Post Exposure Doxycycline in PReP Users May Reduce Risk of Syphilis and Chlamydiae Interview with:

Professor Jean-Michel Molina MD Head of Department of Infectious Diseases, Hôpital Saint-Louis Paris France 

Prof. Molina

Professor Jean-Michel Molina MD
Head of Department of Infectious Diseases, Hôpital Saint-Louis
Paris France What is the background for this study? What are the main findings?

Response: There is a high rate of sexually transmitted infections (STIs) among Pre-exposure prophylaxis users and we wished to assess whether post-exposure prophylaxis (PEP) with doxycycline could reduce the incidence of sexually transmitted infections in this population.

We have found indeed a high rate of STIs most of them (71%) being asymptomatic and warranting therefore systematic testing. Also PEP reduced the incidence of syphilis and chlamydiae infection by 70%, not for gonorrhea due to the high rate of detection in throat swabs without any impact of PEP. What should clinicians and patients take away from your report?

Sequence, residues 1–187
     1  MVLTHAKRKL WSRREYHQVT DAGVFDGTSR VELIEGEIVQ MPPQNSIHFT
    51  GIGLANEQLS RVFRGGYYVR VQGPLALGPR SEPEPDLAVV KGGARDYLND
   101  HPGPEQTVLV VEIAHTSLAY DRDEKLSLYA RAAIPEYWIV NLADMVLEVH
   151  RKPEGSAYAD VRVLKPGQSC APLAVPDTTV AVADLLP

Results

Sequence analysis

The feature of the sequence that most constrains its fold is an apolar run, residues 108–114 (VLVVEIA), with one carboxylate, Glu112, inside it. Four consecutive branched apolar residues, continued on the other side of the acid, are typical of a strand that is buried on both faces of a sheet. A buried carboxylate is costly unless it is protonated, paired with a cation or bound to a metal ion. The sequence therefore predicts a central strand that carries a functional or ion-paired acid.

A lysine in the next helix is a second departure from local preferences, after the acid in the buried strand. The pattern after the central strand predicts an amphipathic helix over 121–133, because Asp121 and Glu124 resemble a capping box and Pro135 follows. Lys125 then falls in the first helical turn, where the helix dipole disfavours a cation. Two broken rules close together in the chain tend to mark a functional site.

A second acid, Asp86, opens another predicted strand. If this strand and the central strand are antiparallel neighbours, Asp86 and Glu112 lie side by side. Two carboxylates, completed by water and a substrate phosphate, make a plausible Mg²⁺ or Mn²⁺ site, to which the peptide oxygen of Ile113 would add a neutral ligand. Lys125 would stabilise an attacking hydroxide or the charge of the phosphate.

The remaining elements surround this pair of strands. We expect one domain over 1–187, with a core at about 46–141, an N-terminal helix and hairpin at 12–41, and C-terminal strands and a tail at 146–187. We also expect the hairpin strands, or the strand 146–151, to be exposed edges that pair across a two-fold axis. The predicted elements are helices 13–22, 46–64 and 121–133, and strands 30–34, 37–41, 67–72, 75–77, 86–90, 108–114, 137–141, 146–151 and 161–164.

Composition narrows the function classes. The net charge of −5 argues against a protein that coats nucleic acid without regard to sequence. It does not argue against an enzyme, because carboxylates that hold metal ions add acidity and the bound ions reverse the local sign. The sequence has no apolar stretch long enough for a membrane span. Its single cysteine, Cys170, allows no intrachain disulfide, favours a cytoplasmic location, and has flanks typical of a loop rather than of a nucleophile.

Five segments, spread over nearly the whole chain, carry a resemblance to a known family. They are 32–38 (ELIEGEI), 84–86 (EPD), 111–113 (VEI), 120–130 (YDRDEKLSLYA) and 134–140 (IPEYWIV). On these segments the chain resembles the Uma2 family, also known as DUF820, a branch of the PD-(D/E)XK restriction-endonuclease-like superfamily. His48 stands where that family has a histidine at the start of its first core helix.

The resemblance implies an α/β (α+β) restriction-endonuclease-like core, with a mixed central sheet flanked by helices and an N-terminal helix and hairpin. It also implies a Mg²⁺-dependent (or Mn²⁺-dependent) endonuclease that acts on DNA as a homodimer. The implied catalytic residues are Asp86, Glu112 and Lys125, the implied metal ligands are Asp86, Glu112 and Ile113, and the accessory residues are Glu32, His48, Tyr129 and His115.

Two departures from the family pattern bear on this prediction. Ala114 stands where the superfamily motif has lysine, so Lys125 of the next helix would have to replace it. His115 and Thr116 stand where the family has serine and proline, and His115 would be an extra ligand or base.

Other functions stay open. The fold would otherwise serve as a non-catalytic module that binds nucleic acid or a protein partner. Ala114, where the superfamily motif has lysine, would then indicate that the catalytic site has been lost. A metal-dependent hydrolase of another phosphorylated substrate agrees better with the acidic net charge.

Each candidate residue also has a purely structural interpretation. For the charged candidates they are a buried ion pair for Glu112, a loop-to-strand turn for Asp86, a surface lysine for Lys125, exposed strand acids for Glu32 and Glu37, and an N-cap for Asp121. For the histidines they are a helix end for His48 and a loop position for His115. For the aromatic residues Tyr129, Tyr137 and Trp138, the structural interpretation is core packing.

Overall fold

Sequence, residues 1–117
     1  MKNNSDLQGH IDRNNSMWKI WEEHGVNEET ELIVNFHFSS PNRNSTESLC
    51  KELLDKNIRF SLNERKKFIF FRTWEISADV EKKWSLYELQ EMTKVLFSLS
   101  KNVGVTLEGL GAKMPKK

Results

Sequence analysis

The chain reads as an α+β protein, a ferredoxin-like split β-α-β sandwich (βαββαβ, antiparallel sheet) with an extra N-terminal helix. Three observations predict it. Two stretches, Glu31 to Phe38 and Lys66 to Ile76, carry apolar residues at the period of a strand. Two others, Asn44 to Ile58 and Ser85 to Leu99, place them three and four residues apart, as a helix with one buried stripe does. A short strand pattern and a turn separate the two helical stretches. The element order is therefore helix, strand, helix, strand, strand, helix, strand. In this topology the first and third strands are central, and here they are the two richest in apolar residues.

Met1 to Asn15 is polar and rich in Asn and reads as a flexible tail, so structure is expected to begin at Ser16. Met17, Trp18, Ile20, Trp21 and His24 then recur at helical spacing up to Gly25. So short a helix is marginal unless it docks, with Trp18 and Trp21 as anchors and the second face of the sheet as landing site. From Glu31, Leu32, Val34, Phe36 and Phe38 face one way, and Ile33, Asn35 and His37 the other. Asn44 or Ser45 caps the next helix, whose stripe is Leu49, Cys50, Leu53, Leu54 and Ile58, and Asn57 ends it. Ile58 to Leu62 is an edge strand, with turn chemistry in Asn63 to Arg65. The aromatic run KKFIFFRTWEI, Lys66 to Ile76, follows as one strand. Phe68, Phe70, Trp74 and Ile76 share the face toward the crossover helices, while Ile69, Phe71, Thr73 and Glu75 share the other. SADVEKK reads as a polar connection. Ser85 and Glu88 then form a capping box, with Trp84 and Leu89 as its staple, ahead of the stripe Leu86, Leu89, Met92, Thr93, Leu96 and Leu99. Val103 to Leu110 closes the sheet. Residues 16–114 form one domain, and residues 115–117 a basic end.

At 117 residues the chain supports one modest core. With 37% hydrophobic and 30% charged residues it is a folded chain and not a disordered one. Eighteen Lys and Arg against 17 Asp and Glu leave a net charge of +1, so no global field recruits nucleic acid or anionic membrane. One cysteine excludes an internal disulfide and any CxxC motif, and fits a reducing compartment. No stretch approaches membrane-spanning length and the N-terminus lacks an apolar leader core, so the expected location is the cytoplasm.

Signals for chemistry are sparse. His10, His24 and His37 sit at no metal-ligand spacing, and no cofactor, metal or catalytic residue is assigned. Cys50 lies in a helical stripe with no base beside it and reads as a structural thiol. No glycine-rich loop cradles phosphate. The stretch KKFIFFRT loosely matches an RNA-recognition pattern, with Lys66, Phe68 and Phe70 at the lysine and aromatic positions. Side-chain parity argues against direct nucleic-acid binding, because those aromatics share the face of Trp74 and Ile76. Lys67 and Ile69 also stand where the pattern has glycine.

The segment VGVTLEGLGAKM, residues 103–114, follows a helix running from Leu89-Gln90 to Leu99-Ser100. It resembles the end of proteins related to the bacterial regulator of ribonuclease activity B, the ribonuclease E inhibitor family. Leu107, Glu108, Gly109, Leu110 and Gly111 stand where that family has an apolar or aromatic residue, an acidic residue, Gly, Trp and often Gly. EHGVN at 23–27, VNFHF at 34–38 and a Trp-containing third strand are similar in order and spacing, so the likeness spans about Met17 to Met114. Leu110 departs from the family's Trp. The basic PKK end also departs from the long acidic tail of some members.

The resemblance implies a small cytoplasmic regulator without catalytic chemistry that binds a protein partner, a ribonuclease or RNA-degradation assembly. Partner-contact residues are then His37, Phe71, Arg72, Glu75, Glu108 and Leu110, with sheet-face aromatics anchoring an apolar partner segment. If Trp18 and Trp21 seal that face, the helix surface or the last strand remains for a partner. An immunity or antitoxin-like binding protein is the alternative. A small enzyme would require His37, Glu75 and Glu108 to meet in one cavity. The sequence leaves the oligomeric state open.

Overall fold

Response: PrEp users should be tested every 2-3 months for STIs even when asymptomatic with urine, throat and anal swabs. This recommendation should apply to all people at risk with multiple sexual partners.

In the context of a short term study PEP with doxycycline was able to reduce the incidence of syphilis and chlamydia but the long term consequences of this strategy are yet unknown and more research is needed in particular regarding the emergence of antibiotic resistance before using this strategy. What recommendations do you have for future research as a result of this study?

Response: We should test other strategies to reduce the incidence of sexually transmitted infections. Is there anything else you would like to add?

Response:  No disclosures – HIV/AIDS is a bridge to research in other field of medicine and STIs is now an issue we should address seriously. Thank you for your contribution to the community.


Post-exposure prophylaxis with doxycycline to prevent sexually transmitted infections in men who have sex with men: an open-label randomised substudy of the ANRS IPERGAY trial

Molina, Jean-MichelPintado, C. et al.
The Lancet Infectious Diseases , Volume 0 , Issue 0 ,


Note: Content is Not intended as medical advice. Please consult your health care provider regarding your specific medical condition and questions.






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